Allow me to quote words from Agatha Christi’s autobiography: “What can we do to those who are tainted with the germs of ruthlessness and hatred, for whom other people’s lives go for nothing? They are often the ones with good homes, good opportunities, good teaching, yet they turn out to be, in plain English, wicked. Is there a cure for wickedness? What can one do with a killer?” Do I think you are wicked? As much as I may be able to reason that your feeling of being invincible led you to believe that you may drink and drive, I cannot reason that after no longer feeling invincible you would lock simple human reaction of good conscience and stop to help your victim. In this way I believe that, yes, you are wicked.
Your Honor, No matter what the verdict, my family will have no reason to celebrate, but relief and closure might come when justice is served. As a parent I care very much about my children’s future and the consequences of loosing their sister. I need to be able to see them grow to believe that every wrongdoing has its price and justice system is there for a good reason.
Today I wonder how sentencing decision will affect me, my family my friends, friends of Monia, families of friends of Monia, teachers who are teaching about behavior and consequences, little kids, friends of my little children, teenagers who are drinking and driving. It worries me that believe in our justice system is so low, that young people feel that they can get away with anything receiving so called slap on the wrist.
Today I still hope that Monika will change the world. If there was any purpose for her dying so young that is to change things for others. Her killer Mr. Kevin Schuh had shown a callus disregard for human life. This cannot be discredited. He also chose to ignore and disrespect the law after he was indicted. To me it is worse then any previous record. No words can change the facts, his actions speak lauder then words.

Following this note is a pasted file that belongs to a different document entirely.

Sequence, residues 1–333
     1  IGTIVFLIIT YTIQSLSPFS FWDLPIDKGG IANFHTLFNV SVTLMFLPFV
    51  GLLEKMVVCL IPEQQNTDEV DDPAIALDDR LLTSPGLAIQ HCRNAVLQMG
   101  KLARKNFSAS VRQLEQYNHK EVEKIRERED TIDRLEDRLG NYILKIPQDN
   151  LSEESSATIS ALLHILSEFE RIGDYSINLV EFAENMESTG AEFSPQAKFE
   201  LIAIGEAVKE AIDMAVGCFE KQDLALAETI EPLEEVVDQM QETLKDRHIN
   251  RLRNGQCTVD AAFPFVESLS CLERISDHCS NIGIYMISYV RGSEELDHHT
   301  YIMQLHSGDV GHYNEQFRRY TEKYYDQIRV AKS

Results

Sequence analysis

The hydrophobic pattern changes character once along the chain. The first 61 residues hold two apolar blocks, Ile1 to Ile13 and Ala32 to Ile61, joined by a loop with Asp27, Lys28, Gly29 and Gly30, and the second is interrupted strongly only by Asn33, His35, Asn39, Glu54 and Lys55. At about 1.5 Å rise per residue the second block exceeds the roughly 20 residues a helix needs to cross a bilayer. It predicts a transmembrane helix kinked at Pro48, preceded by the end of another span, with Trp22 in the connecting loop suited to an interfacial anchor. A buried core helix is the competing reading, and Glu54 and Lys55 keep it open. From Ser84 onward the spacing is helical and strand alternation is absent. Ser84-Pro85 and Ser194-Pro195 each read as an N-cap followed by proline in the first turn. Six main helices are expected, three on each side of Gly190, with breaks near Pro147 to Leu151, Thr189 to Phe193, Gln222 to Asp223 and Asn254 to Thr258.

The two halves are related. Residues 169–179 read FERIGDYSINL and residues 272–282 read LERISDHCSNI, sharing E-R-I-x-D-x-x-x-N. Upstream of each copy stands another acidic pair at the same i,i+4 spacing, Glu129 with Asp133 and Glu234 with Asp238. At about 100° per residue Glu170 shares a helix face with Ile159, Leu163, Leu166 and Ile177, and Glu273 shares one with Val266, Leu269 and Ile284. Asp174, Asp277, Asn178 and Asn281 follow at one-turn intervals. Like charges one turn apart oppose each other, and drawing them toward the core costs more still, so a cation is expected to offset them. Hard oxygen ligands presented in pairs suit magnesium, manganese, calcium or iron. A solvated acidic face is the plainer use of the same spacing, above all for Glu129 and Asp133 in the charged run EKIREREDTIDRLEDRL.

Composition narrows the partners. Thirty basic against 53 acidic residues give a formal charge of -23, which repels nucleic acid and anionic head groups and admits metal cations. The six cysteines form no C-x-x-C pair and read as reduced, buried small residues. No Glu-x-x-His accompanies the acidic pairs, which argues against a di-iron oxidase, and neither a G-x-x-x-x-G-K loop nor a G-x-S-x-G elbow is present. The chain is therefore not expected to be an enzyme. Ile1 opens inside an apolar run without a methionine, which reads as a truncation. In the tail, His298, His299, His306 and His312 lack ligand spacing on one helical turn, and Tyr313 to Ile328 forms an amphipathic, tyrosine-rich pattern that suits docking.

Anything that Mr. Schuh will receive today will be a merciful sentence, even if it is 28 years in prison. The message needs to be loud and clear for others. Statistics show that 80% of DUI fatalities are by the first time offenders.
We are the society of 2nd chances. But where is my daughter’s second chance? Can society give me that? Why killing second time around would be more punishable then the first time? Is the life of one person worth more than the other? And, would it make a difference to the court if Monika was 28 or 58 instead of 15 for the sentencing of the killer?
I and my family had to accept unacceptable, the death of Monika. The same way we will have to accept today’s sentence. We have no choice and we have no right to appeal. Please give us a just sentence. The one that will tell how much a life of an innocent person is worth, a sentence that will not discredit or undermine the job of the police officers, who are working so hard to keep us safe. A sentence that will be right enough to let others learn that crime does not go unpunished, a sentence that will restore faith in justice system in many people, and will bring belief in it to those young people who are just at beginning of their journey like Monia was; a sentence that will live up to a slogan “you drink you drive you loose”. Stiff enough so others would not attempt it.
On behalf of the Skrzypkowski family